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Foreign & Colonial IT ditches its performance fee
by Sarah Miloudi on Mar 07, 2011 at 10:53
The board of the Foreign & Colonial Investment Trust has dropped the vehicle's performance fee.
The £2.1 billion trust, managed by Jeremy Tigue - which initiated the first review of its fees since 2005 last year - has introduced a base management fee of 0.365% per annum of market capitalisation and scrapped its fee payable to the investment manager.
According to analysts at Numis Securities, had the revamped charging structure been introduced last year, the total amount paid in fees would have been £6.05 million, instead of the £6.52 million actually paid.
The trust’s previous fee structure was far more complex, with a fixed fee of £6.8 million and two performance fees, equal to 5% of the net asset value (NAV) outperformance of the benchmark, plus a 0.5% hurdle, and 5% of NAV outperformance of the five closest peers.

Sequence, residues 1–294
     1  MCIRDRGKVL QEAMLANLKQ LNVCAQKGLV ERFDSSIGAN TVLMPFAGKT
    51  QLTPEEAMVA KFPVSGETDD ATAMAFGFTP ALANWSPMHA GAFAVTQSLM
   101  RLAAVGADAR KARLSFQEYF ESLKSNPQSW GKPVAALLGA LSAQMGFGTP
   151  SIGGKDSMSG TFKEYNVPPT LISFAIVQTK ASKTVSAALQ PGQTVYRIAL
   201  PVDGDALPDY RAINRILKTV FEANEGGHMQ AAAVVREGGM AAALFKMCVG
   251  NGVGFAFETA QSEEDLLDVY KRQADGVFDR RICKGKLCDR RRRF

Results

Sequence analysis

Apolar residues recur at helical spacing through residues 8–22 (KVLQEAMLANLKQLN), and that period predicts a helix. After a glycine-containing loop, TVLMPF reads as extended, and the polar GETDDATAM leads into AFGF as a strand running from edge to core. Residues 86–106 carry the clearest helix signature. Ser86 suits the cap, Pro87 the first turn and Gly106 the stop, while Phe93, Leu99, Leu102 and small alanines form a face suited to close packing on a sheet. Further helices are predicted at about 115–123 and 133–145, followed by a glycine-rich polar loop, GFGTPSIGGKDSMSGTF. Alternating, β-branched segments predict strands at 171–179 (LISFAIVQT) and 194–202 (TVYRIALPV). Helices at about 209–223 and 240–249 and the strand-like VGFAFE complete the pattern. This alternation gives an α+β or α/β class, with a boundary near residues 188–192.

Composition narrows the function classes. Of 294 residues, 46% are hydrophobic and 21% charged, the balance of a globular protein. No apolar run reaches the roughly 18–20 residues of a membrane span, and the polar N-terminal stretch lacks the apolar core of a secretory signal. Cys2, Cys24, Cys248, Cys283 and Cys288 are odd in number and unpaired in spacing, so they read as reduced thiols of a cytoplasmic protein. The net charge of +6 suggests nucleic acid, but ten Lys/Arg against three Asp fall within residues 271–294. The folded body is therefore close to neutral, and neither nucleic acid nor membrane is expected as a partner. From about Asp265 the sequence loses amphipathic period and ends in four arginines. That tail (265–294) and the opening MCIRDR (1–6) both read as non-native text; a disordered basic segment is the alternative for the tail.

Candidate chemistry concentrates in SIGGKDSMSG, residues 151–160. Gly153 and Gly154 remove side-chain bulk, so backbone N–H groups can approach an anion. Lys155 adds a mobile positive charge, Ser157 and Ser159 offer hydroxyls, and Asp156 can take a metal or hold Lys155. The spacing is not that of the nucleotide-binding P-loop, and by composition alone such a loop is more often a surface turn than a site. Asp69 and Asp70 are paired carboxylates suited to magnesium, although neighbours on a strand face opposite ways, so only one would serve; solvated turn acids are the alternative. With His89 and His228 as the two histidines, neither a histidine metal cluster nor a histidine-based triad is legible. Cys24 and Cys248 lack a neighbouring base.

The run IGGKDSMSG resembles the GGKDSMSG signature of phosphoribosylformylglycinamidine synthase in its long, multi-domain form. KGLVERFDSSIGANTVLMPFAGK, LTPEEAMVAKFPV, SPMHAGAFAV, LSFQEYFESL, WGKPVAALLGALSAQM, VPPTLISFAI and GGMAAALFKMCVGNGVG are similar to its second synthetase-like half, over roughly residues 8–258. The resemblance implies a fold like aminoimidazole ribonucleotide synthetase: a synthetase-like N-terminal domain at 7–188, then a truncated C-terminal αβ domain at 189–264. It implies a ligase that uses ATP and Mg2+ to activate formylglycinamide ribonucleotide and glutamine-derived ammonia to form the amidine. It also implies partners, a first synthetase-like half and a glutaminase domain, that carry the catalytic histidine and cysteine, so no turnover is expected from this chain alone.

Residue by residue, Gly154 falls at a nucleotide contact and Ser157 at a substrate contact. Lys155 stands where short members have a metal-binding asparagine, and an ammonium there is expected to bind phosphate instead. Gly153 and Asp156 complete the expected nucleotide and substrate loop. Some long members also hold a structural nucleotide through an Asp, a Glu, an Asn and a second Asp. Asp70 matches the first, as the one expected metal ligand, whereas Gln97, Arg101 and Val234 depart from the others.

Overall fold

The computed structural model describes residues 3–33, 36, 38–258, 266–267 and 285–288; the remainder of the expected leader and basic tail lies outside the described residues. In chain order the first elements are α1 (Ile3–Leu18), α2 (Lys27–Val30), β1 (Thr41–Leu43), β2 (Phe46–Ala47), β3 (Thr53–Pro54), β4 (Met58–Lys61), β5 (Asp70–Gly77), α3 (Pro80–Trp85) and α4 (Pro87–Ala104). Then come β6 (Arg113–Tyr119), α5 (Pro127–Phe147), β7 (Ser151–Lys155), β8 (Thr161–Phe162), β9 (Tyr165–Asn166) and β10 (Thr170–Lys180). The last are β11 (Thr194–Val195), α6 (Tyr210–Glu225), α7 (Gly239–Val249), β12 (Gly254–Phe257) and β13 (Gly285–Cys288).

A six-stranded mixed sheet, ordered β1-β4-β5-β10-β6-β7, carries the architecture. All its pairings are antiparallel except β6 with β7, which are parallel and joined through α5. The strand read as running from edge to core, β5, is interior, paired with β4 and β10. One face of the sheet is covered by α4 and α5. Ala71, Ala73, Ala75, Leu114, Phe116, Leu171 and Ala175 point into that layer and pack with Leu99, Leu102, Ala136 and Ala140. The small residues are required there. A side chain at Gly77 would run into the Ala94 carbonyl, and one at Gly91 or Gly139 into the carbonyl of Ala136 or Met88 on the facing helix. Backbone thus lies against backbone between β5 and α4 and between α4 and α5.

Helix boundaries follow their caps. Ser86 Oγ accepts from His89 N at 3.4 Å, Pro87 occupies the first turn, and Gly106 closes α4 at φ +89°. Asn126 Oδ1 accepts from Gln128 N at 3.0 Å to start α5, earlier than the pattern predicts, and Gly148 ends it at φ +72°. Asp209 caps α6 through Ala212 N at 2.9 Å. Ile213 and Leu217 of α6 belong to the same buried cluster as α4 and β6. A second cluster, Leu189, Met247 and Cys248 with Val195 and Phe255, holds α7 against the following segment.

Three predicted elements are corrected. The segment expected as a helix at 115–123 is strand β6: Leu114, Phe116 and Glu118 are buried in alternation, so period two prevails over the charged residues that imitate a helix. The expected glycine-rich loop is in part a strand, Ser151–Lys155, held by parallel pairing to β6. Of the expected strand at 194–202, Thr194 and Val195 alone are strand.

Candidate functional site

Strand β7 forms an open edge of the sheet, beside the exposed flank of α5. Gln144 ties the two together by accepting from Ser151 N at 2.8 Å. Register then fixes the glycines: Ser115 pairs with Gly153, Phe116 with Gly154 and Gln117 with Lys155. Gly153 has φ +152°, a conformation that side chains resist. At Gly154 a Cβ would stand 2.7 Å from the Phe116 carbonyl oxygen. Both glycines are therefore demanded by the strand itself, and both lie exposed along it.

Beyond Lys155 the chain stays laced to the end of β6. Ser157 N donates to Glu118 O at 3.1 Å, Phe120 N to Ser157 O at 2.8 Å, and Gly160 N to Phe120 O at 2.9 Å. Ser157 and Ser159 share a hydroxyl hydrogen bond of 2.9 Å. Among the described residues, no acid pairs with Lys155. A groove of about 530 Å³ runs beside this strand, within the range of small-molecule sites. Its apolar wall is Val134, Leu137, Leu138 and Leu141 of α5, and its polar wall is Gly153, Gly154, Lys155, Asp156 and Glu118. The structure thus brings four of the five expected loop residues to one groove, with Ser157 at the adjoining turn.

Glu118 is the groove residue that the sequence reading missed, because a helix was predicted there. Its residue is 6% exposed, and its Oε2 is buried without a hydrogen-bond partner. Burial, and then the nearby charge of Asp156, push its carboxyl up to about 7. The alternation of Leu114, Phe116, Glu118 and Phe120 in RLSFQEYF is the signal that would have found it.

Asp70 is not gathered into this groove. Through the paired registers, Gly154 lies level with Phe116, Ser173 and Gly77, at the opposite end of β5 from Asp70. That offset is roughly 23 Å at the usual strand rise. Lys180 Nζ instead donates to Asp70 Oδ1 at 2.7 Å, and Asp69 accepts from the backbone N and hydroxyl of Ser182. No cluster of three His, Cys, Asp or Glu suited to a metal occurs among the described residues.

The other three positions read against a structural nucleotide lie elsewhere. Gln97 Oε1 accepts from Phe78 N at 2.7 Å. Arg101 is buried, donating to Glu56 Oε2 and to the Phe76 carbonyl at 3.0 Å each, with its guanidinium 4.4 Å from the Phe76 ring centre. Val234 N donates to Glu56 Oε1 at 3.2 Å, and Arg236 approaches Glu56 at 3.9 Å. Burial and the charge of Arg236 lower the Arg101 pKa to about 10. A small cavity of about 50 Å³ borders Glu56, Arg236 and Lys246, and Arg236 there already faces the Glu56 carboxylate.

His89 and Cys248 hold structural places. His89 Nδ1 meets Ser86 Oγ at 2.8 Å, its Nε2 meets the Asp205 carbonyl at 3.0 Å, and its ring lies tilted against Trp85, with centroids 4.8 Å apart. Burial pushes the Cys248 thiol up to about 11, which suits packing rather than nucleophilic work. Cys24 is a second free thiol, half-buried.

A more complicated fee structure was introduced in order to reduce conflicts of interest for the manager given that parts of the portfolio, including Japan, large cap US and private equity, were outsourced to other management groups.
F&C, however, took back responsibility for the Japanese portfolio at last year, triggering the change.
The fee review was revealed in Foreign & Colonial’s results for the year ended 31 December, and began when Simon Fraser succeeded Mark Loveday as the investment trust's chairman.
Over the year under review the investment trust, which trades at a 10.7% discount, returned 15.8%, keeping pace with its benchmark.
Tigue said he is looking to his private equity holdings to boost the vehicle’s performance going forward. ‘Private equity will be a positive contributor again,’ he told Citywire, pointing out that a number of these positions are likely to return cash over the next two years.
Tigue intends to stance by his defensive stance which has held back performance of the fund. He said: ‘The market is going to be a bit more defensive over the next six months. Oil is a big worry at the moment, interest rates are going up and everybody knows the emerging market story,' he said.
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